Jewish Healthcare Foundation News
Reflections from Salzburg: From Exploration to Forcible Action
A Note from Karen Wolk Feinstein, PhD
As a participant at the Salzburg Global Forum's session on patient safety last month, I was in the company of true luminaries in our field. Forty-four participants hailed from 16 countries including Canada, the U.K., Ghana, Uganda, Japan and Australia. The World Health Organization and the Institute for Healthcare Improvement organized the five-day session, and both sent strong contingents. Participants were selected based on their knowledge of the topic and potential role in driving reforms.
Titled Moving Measurement into Action: Designing Global Principles for Measuring Patient Safety, the five-day seminar concluded just a week before the first-ever World Patient Safety Day. That calls attention to the problem of medical error, which causes an estimated 250,000 preventable deaths in the United States each year and an estimated 100 million deaths worldwide over the past two decades.
Despite 20 years of research, experimentation and advocacy, we have little to show in the way of progress — in the U.S. and globally. At the Jewish Healthcare Foundation alone, we trained more than 10,000 people in Lean safety and quality improvement techniques through our Perfecting Patient Care model, after realizing that basic safety science principles are not routinely taught in the schools of health professions. RAND researchers studied us. They found that our participants leave with an enthusiasm to drive change, but their hopes are often dashed when they encounter a perverse safety culture upon returning to work.
Creating safe environments is not a mystery. There are playbooks and a rigorous curriculum in safety science. High-performing, complex and high-risk industries build continuous improvement into their work processes, achieving nearly defect-free environments.
What Could Force Change
1. Value-Based Purchasing
This would reward the safest, most efficient providers, but it requires real transparency of meaningful data on cost, quality, and safety that is not gamed. It requires payers and purchasers who will not be denied or deceived.
2. A Consumer Movement with Vigorous Advocacy
Health systems leaders — boards and executives — could be held accountable for the safety of patients and employees. When design errors caused two Boeing 737 MAX 8s to crash in the past year, killing 346 people, nobody blamed the pilots, engineers or trainers. The accountability rested with the Boeing board of directors and its executives. Pilots refused to fly, purchasers refused to buy, and passengers refused to ride. Boeing's corporate leadership accepted responsibility.
3. Competition from New Players
Our health systems are ripe for disruption. Consolidation and mergers among legacy providers and payers have created giant health systems that have neither lowered costs nor improved safety. However, powerful customer-centric companies that have dramatically disrupted transportation, communications, and retailers are now pouring millions of dollars into developing health care services to meet consumer needs and preferences. These disrupters will engage patients in their own diagnostic and treatment decisions that might provide simpler, faster, cheaper and more reliable care. Perhaps they will provide the jolt that legacy systems need.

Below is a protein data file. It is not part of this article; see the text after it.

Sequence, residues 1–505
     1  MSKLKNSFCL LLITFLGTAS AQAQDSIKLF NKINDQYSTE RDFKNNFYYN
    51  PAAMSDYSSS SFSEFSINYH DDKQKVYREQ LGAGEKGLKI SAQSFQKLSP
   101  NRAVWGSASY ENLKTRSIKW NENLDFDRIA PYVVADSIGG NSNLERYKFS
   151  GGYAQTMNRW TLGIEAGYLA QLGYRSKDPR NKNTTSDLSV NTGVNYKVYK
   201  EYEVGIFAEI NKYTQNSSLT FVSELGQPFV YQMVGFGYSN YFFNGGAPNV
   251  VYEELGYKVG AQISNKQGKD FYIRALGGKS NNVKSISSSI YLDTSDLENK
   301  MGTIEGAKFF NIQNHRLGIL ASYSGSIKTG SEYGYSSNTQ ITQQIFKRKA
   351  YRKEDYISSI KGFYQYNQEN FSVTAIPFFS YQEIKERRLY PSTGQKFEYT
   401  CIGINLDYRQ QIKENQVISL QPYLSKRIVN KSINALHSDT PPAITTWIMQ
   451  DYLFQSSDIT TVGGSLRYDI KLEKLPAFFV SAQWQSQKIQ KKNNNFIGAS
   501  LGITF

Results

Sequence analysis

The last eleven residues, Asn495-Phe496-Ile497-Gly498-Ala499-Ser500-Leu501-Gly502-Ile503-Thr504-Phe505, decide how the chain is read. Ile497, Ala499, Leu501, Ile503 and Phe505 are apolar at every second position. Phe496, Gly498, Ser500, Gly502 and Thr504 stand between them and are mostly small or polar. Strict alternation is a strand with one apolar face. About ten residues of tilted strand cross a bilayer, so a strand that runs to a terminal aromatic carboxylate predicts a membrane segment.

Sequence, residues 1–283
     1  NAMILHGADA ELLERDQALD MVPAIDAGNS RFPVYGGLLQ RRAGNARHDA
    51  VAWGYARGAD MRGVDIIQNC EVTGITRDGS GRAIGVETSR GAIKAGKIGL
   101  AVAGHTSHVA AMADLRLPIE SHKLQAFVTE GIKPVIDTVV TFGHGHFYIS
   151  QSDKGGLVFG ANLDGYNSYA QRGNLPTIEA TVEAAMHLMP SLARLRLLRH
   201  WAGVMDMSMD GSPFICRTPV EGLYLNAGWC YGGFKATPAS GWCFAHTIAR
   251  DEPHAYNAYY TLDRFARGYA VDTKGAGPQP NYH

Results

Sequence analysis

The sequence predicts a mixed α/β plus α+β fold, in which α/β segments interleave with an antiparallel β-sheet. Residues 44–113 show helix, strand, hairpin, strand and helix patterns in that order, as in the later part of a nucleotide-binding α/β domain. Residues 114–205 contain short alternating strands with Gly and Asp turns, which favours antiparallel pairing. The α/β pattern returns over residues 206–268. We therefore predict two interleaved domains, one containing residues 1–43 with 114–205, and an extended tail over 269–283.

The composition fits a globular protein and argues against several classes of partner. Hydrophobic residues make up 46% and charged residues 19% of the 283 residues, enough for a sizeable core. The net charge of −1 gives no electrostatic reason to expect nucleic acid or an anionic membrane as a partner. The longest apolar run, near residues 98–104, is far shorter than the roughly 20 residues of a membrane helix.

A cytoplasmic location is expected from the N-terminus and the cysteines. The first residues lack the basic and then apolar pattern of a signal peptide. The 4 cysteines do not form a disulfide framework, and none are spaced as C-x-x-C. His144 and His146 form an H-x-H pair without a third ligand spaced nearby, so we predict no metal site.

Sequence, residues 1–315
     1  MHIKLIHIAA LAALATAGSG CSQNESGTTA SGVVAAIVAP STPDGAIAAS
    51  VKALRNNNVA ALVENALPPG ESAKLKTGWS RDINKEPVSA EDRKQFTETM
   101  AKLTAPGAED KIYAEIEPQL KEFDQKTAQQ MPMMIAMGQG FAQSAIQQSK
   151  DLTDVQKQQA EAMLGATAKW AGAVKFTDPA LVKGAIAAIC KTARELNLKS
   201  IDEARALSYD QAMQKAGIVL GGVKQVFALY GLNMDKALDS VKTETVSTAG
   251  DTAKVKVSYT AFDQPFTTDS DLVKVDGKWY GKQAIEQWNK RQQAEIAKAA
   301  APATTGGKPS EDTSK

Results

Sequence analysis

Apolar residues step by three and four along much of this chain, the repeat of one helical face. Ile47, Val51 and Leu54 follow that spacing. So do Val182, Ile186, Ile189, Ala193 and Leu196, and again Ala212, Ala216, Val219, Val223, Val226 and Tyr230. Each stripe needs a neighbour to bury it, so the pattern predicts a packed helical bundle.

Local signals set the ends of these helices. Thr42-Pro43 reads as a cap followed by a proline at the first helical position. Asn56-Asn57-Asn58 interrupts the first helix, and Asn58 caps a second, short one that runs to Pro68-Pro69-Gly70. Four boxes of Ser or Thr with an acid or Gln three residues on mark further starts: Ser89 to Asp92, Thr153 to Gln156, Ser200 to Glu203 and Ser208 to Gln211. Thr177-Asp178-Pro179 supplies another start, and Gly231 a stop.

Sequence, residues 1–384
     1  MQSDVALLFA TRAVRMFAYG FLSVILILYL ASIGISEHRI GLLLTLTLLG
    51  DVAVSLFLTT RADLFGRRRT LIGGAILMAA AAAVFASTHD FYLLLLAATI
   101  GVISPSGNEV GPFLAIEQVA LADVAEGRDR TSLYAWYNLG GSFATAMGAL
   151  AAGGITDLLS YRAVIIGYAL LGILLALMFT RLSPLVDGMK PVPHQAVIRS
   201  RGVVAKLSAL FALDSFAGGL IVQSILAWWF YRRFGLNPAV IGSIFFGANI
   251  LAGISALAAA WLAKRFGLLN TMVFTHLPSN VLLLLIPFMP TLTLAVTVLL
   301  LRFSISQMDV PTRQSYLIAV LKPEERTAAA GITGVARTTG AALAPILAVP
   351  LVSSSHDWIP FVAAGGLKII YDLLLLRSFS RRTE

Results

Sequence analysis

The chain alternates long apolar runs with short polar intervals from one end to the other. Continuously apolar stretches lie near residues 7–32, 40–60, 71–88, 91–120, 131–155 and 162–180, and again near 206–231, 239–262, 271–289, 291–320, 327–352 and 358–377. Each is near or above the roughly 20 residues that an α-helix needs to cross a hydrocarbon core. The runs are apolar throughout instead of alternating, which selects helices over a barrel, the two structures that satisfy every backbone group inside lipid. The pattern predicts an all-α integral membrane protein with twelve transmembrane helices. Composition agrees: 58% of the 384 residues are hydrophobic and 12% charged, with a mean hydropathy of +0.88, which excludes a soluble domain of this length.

4. Creation of a National Patient Safety Authority
Systems achieve what they are designed to achieve, but a strong regulatory fabric offers a critical safety net. Most organizations lack the infrastructure to monitor and ensure that our health systems are wired for safety. An airline or car manufacturer that doesn't observe basic safety precautions and meet high standards can pay stiff penalties — even be denied the sale of their products. Health care needs an overarching authority with teeth to enforce rigorous safety science practices. In the U.S., models exist in the form of the Federal Aviation Administration, the National Highway Traffic Safety Administration, and the Food and Drug Administration, to name a few.
What Will Speed Progress
These are secondary considerations, but nevertheless useful if there is to be real progress in patient safety. We need:
- Informed, activated board members held accountable for the safety of patients and employees.
- Consumers who demand and receive accurate information on safety records.
- Culture change where frontline staff can safely report on safety problems and where an atmosphere of curiosity and discovery cause staff to pull for information and solutions.
- Useful measures for safety to ensure real transparency that isn't gamed.
- Application of Lean principles for building safety improvements into the workflow at all levels of care.
- Improved EHRs, a critical element basic to workflow redesign and progress, and that allow for credible prediction and prevention of error.
In short, patient safety improvement requires a jolt, not incremental progress. Acceptable safety conditions will not result from doing the same things we've done for 20 years. It will come from significant new pressures that direct patients to systems and sites and innovations that guarantee safety. And, above all, from health systems leadership that accepts accountability for creating the safest environment possible.